The Winds of Change

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Thousands hit the streets of New Zealand Tuesday in protest at the new government’s plan to reconsider policies that helped the indigenous Māori community, Al Jazeera reported.

Following a call by the Te Pāti Māori party, protesters gathered in front of parliament in Wellington, as well as on highways throughout the North Island, even as the new legislature elected in October was being sworn in.

The coalition, led by the center-right National Party with the support of the libertarian ACT New Zealand and right-wing populist New Zealand First parties, has decided to roll back affirmative action initiatives, turn Māori names of departments into English, and strip references from a key treaty in legislation.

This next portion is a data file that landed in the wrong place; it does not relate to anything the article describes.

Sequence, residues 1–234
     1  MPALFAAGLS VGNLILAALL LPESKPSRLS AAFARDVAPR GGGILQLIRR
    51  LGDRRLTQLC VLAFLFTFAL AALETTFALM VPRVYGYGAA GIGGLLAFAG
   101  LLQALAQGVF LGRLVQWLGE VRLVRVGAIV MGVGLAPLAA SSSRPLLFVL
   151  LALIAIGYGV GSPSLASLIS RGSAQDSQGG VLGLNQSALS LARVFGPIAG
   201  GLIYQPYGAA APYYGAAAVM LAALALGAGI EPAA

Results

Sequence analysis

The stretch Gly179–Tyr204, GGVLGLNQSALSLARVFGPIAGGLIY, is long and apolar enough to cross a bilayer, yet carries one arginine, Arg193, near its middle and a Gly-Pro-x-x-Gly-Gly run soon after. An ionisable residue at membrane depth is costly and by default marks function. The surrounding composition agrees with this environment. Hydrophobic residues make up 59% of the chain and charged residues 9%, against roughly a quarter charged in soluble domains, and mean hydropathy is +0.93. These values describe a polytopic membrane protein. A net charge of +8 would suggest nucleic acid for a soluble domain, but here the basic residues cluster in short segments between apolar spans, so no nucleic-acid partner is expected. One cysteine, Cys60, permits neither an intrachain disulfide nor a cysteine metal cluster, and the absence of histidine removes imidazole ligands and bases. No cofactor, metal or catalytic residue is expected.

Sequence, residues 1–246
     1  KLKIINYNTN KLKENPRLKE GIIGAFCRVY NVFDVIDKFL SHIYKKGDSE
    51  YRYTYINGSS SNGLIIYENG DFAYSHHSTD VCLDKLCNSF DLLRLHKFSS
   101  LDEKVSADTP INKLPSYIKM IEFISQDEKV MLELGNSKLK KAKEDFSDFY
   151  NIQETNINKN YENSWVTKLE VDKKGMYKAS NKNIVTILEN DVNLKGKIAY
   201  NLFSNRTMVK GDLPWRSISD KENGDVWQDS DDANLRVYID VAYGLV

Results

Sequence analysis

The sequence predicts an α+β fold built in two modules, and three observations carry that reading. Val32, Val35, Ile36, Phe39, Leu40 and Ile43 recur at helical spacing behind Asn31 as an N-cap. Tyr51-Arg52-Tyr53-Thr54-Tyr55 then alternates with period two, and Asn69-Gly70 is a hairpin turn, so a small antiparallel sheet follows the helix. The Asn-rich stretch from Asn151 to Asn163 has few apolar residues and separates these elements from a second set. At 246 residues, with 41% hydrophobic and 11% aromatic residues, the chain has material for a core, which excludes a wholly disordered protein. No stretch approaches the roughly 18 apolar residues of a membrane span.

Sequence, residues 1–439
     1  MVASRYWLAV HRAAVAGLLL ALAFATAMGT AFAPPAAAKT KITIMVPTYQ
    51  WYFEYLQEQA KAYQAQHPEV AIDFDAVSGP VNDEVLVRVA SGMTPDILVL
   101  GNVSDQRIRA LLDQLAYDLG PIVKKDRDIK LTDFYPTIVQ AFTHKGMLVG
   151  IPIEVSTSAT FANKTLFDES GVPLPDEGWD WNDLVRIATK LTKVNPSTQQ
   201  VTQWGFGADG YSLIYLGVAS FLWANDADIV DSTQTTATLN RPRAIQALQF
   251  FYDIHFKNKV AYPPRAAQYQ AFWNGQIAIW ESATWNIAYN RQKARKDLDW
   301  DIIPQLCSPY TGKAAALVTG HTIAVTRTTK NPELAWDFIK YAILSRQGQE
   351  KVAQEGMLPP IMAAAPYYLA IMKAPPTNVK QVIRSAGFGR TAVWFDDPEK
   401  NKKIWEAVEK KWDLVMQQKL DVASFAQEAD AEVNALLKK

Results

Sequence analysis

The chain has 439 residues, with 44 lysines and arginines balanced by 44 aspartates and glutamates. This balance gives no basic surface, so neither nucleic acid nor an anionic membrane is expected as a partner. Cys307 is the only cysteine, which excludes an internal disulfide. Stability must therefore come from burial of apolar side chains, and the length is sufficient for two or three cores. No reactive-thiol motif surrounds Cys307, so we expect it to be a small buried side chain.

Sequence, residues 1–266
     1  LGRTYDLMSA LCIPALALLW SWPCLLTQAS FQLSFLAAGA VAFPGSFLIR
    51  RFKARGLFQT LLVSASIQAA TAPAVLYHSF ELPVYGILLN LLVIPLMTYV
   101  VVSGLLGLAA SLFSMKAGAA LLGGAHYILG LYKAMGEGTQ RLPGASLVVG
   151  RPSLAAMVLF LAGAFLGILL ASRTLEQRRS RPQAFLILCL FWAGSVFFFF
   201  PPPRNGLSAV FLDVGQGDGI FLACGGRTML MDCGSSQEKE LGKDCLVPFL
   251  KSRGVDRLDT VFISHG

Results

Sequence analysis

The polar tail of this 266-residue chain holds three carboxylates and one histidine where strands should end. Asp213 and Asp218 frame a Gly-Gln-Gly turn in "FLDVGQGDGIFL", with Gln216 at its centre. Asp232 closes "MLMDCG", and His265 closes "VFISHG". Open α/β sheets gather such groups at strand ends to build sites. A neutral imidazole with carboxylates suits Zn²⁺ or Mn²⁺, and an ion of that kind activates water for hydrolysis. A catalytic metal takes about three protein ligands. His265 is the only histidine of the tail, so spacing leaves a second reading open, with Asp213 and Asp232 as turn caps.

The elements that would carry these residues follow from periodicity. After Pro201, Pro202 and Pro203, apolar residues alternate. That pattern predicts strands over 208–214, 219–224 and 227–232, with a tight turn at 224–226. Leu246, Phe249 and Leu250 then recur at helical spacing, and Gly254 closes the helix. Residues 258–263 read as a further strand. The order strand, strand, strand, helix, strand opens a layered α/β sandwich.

The Treaty of Waitangi is the founding document of New Zealand, signed by British colonial settlers and the Māori in 1840, which established equal rights for the Indigenous peoples.

Protesters called the move an “assault” on the Māori that would set New Zealand back decades, while nullifying efforts made over many years toward post-colonial reconciliation.

The leadership, meanwhile, said the changes were necessary to move the country forward. ACT chairman David Seymour criticized Te Pāti Māori’s “divisive theatrics,” while Prime Minister Chris Luxon asked his citizens to give him time to show his government’s commitment to “get things done for Māori and non-Māori.”

New Zealand is in transition after six years of left-wing Labour rule, led by former Prime Minister Jacinda Ardern. Some of her administration’s policies are those that Luxon’s coalition wants to remove.

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